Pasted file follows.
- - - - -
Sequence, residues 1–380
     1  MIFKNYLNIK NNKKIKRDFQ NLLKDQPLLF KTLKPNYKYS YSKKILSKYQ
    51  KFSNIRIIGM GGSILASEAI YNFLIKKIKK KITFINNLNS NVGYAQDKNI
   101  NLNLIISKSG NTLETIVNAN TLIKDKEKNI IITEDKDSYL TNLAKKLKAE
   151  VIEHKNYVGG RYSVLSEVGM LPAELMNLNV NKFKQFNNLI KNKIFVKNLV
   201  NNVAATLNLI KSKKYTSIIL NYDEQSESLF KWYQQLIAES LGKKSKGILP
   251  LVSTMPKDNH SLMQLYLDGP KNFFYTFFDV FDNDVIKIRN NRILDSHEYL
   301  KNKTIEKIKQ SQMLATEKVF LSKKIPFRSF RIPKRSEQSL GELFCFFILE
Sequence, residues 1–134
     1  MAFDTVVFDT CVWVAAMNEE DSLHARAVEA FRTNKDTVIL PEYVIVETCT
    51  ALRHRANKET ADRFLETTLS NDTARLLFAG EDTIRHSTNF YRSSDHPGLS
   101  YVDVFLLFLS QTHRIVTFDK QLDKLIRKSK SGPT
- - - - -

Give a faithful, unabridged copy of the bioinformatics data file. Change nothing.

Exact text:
Sequence, residues 1–380
     1  MIFKNYLNIK NNKKIKRDFQ NLLKDQPLLF KTLKPNYKYS YSKKILSKYQ
    51  KFSNIRIIGM GGSILASEAI YNFLIKKIKK KITFINNLNS NVGYAQDKNI
   101  NLNLIISKSG NTLETIVNAN TLIKDKEKNI IITEDKDSYL TNLAKKLKAE
   151  VIEHKNYVGG RYSVLSEVGM LPAELMNLNV NKFKQFNNLI KNKIFVKNLV
   201  NNVAATLNLI KSKKYTSIIL NYDEQSESLF KWYQQLIAES LGKKSKGILP
   251  LVSTMPKDNH SLMQLYLDGP KNFFYTFFDV FDNDVIKIRN NRILDSHEYL
   301  KNKTIEKIKQ SQMLATEKVF LSKKIPFRSF RIPKRSEQSL GELFCFFILE
Sequence, residues 1–134
     1  MAFDTVVFDT CVWVAAMNEE DSLHARAVEA FRTNKDTVIL PEYVIVETCT
    51  ALRHRANKET ADRFLETTLS NDTARLLFAG EDTIRHSTNF YRSSDHPGLS
   101  YVDVFLLFLS QTHRIVTFDK QLDKLIRKSK SGPT